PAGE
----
Rich County is bordered by Cache County to the west, Weber and Morgan counties to the southwest, Summit County to the south, Uinta County, Wyoming to the southeast, Lincoln County, Wyoming to the northeast, and Bear Lake County, Idaho to the north.

National protected area[edit]

Transportation[edit]

U.S. Route 89 descends from the Bear River Mountains through Logan Canyon and turns north at Garden City along the Bear Lake shoreline. State Route 30 heads south from Garden City through Laketown and climbs east through the mountains to the Wyoming border. State Route 16 heads south from Sage Creek Junction through Randolph and Woodruff before entering Wyoming northwest of Evanston. State Route 39 heads west into the Wasatch Range from Woodruff on its way to Huntsville and eventually Ogden. However, this highway is closed through the mountains during the winter months as heavy snow blocks the road. Interstate 80 lies in Summit County very near the Rich County border, but is only accessible from Rich County through Wyoming.

Demographics[edit]

Historical population
Census Pop.
1870 1,955
1880 1,263 −35.4%
1890 1,527 20.9%
1900 1,946 27.4%
1910 1,883 −3.2%
1920 1,890 0.4%
1930 1,873 −0.9%
1940 2,028 8.3%
1950 1,673 −17.5%
1960 1,685 0.7%
1970 1,615 −4.2%
1980 2,100 30.0%
1990 1,725 −17.9%
2000 1,961 13.7%
2010 2,264 15.5%
Est. 2012 2,267 0.1%
U.S. Decennial Census[7]
1790-1960[8] 1900-1990[9]
1990-2000[10] 2010-2012[1]

As of the census[11] of 2000, there were 1,961 people, 645 households, and 521 families residing in the county. The population density was 2 people per square mile (1/km²). There were 2,408 housing units at an average density of 2 per square mile (1/km²). The racial makeup of the county was 98.16% White, 0.05% Native American, 0.41% Asian, 0.92% from other races, and 0.46% from two or more races. 1.84% of the population were Hispanic or Latino of any race.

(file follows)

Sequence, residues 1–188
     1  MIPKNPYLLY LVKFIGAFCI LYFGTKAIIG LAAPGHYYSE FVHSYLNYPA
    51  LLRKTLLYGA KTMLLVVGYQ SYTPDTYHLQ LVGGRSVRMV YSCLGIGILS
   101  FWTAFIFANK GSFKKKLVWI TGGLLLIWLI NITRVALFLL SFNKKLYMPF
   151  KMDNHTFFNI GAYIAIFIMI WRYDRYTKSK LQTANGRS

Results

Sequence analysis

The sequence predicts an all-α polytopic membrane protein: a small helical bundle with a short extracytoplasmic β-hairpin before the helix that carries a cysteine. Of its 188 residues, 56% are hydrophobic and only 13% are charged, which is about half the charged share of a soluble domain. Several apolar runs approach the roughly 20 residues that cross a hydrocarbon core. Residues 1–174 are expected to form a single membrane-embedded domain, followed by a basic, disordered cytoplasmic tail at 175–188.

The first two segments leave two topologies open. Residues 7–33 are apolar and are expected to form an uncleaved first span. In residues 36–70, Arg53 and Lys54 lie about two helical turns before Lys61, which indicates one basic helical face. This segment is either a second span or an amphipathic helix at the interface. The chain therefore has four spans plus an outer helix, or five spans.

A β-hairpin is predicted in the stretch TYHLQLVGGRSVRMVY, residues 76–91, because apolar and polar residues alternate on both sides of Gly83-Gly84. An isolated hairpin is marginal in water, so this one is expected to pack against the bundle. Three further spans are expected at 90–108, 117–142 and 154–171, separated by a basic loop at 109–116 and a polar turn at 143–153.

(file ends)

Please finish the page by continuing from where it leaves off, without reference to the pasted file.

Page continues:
There were 645 households out of which 42.20% had children under the age of 18 living with them, 74.40% were married couples living together, 3.70% had a female householder with no husband present, and 19.10% were non-families. 17.10% of all households were made up of individuals and 7.00% had someone living alone who was 65 years of age or older. The average household size was 3.01 and the average family size was 3.44.

In the county, the population was spread out with 34.60% under the age of 18, 7.20% from 18 to 24, 22.20% from 25 to 44, 21.90% from 45 to 64, and 14.10% who were 65 years of age or older. The median age was 34 years. For every 100 females there were 103.60 males. For every 100 females age 18 and over, there were 102.50 males.

The median income for a household in the county was $39,766, and the median income for a family was $44,783. Males had a median income of $34,464 versus $22,396 for females. The per capita income for the county was $16,267. About 6.50% of families and 10.20% of the population were below the poverty line, including 11.30% of those under age 18 and 6.30% of those age 65 or over.

Communities[edit]

See also[edit]

References[edit]

  1. ^ a b "State & County QuickFacts". United States Census Bureau. Retrieved December 29, 2013. 
  2. ^ "Find a County". National Association of Counties. Retrieved 2011-06-07. 
  3. ^ "Utah: Individual County Chronologies". 
  4. ^ 1870 Census. United States. 1870. 
  5. ^ Compiled Laws of Idaho. 1875. pp. 720–722. 
  6. ^ "US Gazetteer files: 2010, 2000, and 1990". United States Census Bureau. 2011-02-12. Retrieved 2011-04-23. 
  7. ^ "U.S. Decennial Census". United States Census Bureau. Retrieved December 29, 2013. 
  8. ^ "Historical Census Browser". University of Virginia Library. Retrieved December 29, 2013. 
  9. ^ "Population of Counties by Decennial Census: 1900 to 1990". United States Census Bureau. Retrieved December 29, 2013. 
  10. ^ "Census 2000 PHC-T-4. Ranking Tables for Counties: 1990 and 2000". United States Census Bureau. Retrieved December 29, 2013. 
  11. ^ "American FactFinder". United States Census Bureau. Retrieved 2011-05-14. 

Coordinates: 41°37′N 111°14′W / 41.62°N 111.24°W / 41.62; -111.24